Senate Democrats issued a damning report Friday morning saying that their probe of the $1.2 million in payments Novartis made to Donald Trump’s personal attorney Michael Cohen revealed that ex-CEO Joe Jimenez had extensive contacts with Cohen related to drug policy and access to the White House, and that company officials then went on to mislead the public recently with their explanation for what had happened.
The explosive charges contend that rather than the brief and inconsequential contact Novartis claimed to have had with Cohen, Jimenez was in contact with the attorney by phone on 4 occasions, with multiple email exchanges over 6 months. The communications included “the Trump administration’s drug pricing proposals, Novartis’s potential investment in a small drug company backed by Columbus Nova, and with regard to opioid lawsuits.”
“What he was selling was a line of access to the Trump administration,” said Sen. Ron Wyden in an interview with ABC News. “That would be how I would characterize it.”
Novartis quickly kicked back at the Dems’ report this morning, saying that they had cooperated fully with the probe and that it disagreed with its conclusion that the pharma giant had offered misleading comments.
This was Novartis’ defense last May, which the senators say doesn’t stand up under examination:
“Mr. Cohen had made no effort to learn anything about Novartis, or the policy issues that were of concern to Novartis specifically, or the pharmaceutical industry generally…[he] was not able to provide guidance as to how [the Trump administration] would evaluate and respond to the relevant policy issues. …[and] was not able to deliver … substantive consulting advice and insight.”
According to the report, Novartis’ claim that it suspended contact after one meeting in early March is simply not true, offering repeated examples of e-mail communication between Cohen and Jimenez, as they discussed investments, published articles and policy.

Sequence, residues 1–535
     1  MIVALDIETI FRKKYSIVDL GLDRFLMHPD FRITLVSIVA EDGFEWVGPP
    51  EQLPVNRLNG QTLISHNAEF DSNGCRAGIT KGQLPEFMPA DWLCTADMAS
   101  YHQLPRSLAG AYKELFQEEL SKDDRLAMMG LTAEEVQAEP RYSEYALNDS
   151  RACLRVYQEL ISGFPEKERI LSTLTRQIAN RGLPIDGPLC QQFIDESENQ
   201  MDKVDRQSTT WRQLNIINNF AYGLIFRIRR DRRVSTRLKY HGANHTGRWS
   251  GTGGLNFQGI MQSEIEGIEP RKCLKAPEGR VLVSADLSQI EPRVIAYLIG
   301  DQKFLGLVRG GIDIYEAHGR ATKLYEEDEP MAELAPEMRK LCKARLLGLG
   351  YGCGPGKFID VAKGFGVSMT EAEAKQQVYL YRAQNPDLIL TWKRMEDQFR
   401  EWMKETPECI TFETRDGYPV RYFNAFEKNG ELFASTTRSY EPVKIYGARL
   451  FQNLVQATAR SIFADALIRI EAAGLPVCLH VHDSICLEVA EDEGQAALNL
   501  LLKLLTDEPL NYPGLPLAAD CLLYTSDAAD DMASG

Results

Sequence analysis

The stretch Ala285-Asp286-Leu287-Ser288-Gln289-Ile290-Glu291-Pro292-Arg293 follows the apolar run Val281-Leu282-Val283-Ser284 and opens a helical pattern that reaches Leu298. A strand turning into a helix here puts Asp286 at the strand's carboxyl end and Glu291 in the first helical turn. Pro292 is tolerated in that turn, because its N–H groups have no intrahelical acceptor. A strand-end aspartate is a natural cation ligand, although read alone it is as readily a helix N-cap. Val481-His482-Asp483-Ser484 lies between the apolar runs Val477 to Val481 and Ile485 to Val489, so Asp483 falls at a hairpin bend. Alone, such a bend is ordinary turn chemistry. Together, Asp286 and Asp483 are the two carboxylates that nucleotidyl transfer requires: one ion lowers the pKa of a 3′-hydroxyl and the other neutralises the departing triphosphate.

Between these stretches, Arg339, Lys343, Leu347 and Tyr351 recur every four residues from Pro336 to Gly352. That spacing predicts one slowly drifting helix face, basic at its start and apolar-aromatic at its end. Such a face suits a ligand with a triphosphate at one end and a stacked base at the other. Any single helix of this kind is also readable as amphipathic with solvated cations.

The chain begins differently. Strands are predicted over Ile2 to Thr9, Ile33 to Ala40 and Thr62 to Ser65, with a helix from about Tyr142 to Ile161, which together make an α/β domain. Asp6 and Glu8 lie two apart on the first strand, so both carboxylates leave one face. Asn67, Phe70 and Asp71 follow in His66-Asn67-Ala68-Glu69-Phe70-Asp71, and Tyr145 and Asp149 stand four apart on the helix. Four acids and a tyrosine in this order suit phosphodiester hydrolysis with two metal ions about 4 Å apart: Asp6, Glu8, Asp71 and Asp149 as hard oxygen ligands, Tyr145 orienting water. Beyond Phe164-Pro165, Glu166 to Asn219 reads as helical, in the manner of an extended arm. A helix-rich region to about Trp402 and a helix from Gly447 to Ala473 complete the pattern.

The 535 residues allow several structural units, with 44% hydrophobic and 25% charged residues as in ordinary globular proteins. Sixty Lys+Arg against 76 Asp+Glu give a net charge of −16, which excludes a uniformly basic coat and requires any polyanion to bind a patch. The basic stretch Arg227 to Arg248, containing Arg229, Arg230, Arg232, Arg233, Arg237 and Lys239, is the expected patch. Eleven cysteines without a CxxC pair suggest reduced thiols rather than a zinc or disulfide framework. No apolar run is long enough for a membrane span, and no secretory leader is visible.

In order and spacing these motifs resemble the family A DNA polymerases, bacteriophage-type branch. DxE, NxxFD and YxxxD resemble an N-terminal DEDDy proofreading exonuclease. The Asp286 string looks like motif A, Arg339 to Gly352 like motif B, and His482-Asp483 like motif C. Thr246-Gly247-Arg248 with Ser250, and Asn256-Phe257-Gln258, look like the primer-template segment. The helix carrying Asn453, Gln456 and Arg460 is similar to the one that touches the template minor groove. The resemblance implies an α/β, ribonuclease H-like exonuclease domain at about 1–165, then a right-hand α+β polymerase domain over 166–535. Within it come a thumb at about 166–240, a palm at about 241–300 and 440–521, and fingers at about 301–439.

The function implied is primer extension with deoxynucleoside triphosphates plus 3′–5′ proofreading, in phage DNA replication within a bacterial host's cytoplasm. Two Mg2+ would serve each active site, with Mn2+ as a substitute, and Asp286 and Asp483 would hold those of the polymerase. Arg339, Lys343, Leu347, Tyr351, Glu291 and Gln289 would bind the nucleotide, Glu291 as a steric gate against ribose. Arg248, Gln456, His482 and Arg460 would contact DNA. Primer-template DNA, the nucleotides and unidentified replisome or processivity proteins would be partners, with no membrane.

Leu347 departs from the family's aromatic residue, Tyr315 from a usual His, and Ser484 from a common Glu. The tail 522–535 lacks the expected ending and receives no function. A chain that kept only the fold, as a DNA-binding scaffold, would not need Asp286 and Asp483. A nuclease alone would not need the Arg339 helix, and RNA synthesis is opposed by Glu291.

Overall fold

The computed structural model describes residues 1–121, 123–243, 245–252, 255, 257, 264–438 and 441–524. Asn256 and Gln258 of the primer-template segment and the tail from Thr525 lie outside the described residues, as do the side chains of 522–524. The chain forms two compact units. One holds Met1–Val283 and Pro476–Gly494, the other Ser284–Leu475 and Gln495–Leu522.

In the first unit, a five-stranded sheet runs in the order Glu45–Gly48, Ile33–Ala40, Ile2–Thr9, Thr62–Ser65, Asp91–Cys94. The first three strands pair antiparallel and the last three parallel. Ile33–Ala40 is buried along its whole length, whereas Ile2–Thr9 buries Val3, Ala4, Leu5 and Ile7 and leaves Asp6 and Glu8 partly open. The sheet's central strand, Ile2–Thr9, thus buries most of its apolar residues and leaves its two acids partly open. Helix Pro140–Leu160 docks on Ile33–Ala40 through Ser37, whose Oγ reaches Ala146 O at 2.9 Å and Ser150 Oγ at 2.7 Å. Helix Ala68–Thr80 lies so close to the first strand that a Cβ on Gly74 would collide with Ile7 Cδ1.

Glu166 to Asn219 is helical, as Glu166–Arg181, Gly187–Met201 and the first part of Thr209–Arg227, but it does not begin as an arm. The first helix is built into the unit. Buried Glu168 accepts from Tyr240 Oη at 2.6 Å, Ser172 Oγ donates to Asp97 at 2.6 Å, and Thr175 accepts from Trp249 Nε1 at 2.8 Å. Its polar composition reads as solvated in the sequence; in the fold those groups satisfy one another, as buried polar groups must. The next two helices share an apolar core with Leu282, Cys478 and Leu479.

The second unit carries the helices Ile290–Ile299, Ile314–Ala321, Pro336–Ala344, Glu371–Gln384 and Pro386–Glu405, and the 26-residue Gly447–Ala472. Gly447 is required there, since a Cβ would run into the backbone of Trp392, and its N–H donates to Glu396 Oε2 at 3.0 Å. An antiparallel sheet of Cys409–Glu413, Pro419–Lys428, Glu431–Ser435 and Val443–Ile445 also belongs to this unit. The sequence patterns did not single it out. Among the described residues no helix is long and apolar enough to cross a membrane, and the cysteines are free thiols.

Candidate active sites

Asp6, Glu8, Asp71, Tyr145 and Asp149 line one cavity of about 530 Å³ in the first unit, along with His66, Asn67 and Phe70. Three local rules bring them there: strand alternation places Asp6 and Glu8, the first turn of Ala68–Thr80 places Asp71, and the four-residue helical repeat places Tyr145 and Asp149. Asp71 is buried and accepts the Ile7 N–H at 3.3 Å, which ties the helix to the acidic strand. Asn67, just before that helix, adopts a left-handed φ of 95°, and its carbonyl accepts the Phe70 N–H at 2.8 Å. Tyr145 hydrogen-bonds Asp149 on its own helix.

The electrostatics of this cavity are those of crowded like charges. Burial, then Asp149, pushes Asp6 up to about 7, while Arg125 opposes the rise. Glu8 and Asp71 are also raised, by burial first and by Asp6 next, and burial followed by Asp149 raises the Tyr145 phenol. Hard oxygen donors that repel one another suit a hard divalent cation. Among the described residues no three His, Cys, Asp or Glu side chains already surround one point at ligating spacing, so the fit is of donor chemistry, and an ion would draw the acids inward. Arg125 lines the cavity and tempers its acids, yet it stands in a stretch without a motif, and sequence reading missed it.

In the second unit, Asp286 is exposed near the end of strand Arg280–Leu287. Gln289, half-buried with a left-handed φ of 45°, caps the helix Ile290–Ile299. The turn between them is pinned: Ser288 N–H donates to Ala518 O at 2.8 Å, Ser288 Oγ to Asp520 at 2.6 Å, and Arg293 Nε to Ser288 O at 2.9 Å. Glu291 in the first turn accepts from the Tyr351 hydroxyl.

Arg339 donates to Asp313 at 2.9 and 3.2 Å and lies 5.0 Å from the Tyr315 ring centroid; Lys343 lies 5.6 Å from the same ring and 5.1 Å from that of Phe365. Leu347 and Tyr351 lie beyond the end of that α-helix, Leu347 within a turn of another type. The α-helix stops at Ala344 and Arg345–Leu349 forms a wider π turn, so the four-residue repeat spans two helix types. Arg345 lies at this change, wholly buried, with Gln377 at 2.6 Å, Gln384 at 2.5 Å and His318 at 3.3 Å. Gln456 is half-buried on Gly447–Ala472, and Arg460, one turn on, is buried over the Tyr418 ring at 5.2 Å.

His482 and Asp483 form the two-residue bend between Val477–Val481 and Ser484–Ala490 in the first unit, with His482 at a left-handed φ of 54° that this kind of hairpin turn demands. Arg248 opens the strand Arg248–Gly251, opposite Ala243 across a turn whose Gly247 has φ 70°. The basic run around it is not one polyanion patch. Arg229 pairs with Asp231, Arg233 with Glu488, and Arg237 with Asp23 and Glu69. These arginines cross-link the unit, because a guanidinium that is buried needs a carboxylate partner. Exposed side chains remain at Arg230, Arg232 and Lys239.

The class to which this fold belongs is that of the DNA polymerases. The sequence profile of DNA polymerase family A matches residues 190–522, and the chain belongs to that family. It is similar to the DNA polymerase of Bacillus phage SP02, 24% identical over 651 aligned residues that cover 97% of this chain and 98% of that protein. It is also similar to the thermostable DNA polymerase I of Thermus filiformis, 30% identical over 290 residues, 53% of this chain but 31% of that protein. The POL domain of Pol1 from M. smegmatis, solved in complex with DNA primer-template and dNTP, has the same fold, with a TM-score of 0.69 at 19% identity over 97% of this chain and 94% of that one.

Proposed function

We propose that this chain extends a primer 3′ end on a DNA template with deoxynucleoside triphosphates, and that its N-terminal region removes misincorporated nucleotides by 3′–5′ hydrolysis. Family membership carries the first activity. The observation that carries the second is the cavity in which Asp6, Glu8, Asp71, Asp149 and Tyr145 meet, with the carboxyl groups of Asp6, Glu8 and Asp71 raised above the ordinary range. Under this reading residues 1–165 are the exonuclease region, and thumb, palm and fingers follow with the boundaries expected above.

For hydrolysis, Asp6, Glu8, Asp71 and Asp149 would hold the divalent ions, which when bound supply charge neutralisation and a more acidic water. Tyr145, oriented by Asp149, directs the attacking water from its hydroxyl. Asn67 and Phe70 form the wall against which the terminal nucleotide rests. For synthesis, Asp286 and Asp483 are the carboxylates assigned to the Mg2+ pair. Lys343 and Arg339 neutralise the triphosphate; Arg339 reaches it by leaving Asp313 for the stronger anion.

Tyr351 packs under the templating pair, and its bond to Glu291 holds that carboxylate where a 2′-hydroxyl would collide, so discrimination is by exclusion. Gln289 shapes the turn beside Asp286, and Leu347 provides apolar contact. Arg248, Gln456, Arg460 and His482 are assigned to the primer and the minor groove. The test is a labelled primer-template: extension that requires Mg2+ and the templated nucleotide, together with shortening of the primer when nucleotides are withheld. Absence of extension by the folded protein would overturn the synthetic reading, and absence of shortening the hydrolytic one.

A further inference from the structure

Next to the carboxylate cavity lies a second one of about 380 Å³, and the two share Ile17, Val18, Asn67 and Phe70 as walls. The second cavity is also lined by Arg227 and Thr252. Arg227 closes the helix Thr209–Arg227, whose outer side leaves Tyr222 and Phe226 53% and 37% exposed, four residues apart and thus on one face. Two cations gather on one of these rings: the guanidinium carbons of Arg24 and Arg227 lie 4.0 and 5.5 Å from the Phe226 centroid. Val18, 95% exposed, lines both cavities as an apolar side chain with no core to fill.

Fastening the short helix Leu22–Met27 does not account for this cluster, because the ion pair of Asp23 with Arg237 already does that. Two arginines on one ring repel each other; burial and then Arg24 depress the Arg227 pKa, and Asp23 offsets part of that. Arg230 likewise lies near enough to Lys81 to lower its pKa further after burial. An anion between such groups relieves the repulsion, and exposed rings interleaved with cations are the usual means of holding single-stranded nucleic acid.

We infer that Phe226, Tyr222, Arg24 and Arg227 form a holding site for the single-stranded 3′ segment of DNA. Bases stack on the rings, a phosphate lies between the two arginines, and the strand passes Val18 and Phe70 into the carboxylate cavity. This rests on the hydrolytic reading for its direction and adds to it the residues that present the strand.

(C)ontrary to Novartis’s statement that it did not have further engagement with Mr. Cohen, the documents Novartis provided to the Senators show that Mr. Cohen maintained regular contact with Mr. Jimenez until at least September 2017. Novartis’ current CEO Vasant Narasimhan never communicated with Mr. Cohen.
The report goes on to state that Novartis’ claim — made two months ago under Narasimhan — that the only reason it continued to pay Cohen monthly payments for a year was that it was contractually obligated to do so also appears to be untrue.
Novartis may have misled the public when the company stated that it continued to pay Mr. Cohen the full $1.2 million even after discovering that he could not provide the promised consulting services because “the contract could not be terminated at will.” To the extent this assertion is true, it is because Novartis engaged in extensive negotiations that resulted in weaker and vaguer contract language than the company had initially sought. But the assertion does not appear to be correct. It appears that in fact the company could have terminated Mr. Cohen’s contract.
The damning report also notes:
The initial draft contract proposal that Novartis sent to Mr. Cohen – which Mr. Cohen later modified – called explicitly for him to provide “access to key policymakers” in the Trump administration, and he represented that he would do so. In June 2017, Mr. Jimenez sent Mr. Cohen an email – “based on our conversation last week” – transmitting a six-point plan containing Novartis’s list of “ideas to lower drug costs in the U.S.” which, according to Novartis, was for “discussion with Trump administration” officials.